Public-private partnership to fight hunger in Illinois

By Chris Loeber

An initiative is in place to address an ongoing problem that impacts approximately 2 million people in Illinois: hunger and lack of access to healthy food.

The Illinois No Kid Hungry campaign was recently launched with the goal of significantly reducing the number of children in the state who do not have access to food. The partnership between the State of Illinois and Share Our Strength, a nonprofit organization dedicated to fighting hunger across the country, was announced March 14 at the Parker Child Parent Center, 328 W. 69th.

“It is sobering to realize that this morning, there were 700-some thousand children who are in families that weren’t sure if they were going to have enough food to eat,” said Kate Maehr, executive director of the Greater Chicago Food Depository. “We have a responsibility to make sure that every child who is eligible for a meal gets that meal.”

The campaign follows two years of research conducted by the Illinois Commission to End Hunger appointed by Gov. Pat Quinn in 2010 to create a plan of action to address hunger throughout the state. That plan was outlined in the 2012 Commission to End Hunger report released March 14.

The campaign will adhere to the recommendations set forth by the commission, the most important of which is the need to raise awareness about the issue itself, according to Bill Shore, founder and CEO of Share Our Strength.

“The greatest challenge is raising awareness that [the campaign is] actually a need,” Shore said. “A lot of people still are shocked to find that there is hunger in America, Illinois and in Chicago.”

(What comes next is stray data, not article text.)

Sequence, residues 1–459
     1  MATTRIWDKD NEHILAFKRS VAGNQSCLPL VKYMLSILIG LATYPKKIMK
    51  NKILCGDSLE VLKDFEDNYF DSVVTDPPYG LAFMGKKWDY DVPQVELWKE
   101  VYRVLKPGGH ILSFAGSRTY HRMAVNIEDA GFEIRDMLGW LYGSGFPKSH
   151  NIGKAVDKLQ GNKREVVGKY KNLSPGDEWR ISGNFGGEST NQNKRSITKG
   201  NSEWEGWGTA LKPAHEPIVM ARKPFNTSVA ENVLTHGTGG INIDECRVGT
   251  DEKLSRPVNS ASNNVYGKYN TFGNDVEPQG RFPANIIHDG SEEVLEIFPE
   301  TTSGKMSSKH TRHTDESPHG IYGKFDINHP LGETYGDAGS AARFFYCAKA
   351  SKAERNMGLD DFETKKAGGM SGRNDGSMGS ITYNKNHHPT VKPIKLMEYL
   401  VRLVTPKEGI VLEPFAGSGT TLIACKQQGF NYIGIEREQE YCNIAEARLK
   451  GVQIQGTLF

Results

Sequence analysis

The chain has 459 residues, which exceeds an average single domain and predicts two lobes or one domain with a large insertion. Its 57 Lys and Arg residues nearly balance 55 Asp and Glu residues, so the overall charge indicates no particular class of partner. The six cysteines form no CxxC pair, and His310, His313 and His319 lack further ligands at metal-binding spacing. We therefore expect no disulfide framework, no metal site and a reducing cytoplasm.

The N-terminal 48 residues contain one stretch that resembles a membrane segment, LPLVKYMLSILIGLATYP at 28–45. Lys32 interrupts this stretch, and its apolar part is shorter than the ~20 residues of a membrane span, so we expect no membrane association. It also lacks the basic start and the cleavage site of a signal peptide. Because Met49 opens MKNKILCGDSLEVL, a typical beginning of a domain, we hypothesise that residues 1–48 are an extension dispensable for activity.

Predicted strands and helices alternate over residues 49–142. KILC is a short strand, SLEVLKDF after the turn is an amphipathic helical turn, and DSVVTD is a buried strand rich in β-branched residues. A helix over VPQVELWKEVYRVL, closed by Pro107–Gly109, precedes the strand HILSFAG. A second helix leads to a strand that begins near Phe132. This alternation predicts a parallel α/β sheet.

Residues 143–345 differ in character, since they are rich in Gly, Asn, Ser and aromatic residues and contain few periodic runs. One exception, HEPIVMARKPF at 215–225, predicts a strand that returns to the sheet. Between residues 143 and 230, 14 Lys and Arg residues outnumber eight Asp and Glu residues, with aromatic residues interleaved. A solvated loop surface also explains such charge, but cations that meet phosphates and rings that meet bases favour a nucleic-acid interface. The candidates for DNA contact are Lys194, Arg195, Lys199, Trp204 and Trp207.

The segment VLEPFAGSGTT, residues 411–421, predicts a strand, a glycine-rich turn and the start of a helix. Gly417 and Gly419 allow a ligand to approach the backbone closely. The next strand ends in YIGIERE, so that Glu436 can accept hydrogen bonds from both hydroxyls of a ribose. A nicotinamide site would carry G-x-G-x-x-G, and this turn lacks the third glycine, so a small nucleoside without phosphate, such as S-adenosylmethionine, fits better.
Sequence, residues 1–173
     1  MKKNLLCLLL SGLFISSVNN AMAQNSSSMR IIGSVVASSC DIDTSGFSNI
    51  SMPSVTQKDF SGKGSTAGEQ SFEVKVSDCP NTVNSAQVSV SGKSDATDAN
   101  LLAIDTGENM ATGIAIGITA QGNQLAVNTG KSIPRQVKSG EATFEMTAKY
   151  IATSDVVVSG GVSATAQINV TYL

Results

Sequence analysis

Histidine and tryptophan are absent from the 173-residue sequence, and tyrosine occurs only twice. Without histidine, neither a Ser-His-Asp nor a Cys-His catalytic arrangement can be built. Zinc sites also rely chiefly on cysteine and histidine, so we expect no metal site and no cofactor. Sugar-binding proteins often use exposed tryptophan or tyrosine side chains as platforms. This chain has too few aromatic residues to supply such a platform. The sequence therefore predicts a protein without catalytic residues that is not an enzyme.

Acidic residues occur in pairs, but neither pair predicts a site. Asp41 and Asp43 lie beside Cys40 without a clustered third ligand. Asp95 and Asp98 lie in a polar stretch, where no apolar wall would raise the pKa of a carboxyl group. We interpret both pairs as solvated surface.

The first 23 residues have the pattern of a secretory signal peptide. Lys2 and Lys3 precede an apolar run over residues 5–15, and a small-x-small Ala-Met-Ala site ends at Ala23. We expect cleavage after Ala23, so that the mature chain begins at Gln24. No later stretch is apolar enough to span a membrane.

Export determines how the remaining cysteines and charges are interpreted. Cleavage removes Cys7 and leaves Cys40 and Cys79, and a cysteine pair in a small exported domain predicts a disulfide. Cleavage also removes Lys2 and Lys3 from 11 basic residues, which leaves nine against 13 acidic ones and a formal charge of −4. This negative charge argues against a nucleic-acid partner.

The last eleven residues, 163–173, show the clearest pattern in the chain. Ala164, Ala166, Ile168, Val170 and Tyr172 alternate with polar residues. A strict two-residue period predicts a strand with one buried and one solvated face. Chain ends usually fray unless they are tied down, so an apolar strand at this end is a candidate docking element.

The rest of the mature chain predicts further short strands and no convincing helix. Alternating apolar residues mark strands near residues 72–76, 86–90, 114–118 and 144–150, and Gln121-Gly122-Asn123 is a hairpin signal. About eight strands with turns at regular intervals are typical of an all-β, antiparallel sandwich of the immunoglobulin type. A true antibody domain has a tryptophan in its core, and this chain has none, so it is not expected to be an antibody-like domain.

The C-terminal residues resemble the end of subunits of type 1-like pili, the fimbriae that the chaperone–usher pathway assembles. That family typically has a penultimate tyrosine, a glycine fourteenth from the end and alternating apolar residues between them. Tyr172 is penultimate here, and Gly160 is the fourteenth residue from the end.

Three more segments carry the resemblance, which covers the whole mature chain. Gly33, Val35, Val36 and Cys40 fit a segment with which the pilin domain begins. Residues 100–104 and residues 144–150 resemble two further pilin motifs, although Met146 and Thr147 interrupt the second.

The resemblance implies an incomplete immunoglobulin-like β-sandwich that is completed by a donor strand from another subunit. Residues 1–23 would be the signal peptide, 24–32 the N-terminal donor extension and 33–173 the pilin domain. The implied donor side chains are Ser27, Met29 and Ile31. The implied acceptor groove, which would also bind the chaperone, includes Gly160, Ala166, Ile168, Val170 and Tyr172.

Approximately 384,000 Chicago residents do not have adequate access to food, according to a 2011 report released by the Mari Gallagher Research and Consulting Group. In Illinois, an estimated 2 million people—almost 15 percent of Illinois residents, including 745,000 children—do not know where their next meal will come from, according to the report.

Several federal programs are in place to assist Illinois residents, including the school breakfast and lunch programs and the Supplemental Nutrition Assistance Program, which provides financial assistance to low-income individuals and families.

Because much of the funding is provided by the federal government and corporate sponsors, the campaign and the ongoing efforts of the commission will not dip into the state’s budget, said Cristal Thomas, deputy governor of Illinois and co-chair of the commission.

A partnership between Share Our Strength and the Illinois Commission to End Hunger was one of Thomas’ first suggestions when Quinn appointed her co-chair, she said.

After extensive efforts to research the diverse needs of people who lack access to food throughout the state, the commission is intent on fighting the hunger of people of all ages and demographics.

“The Commission to End Hunger is dealing with hunger broadly in the state,” Thomas said. “This focus on children is kind of the initial step, but we also have a lot of recommendations that we want to implement and that we are going to implement around adult hunger, the elderly [and] the disabled.”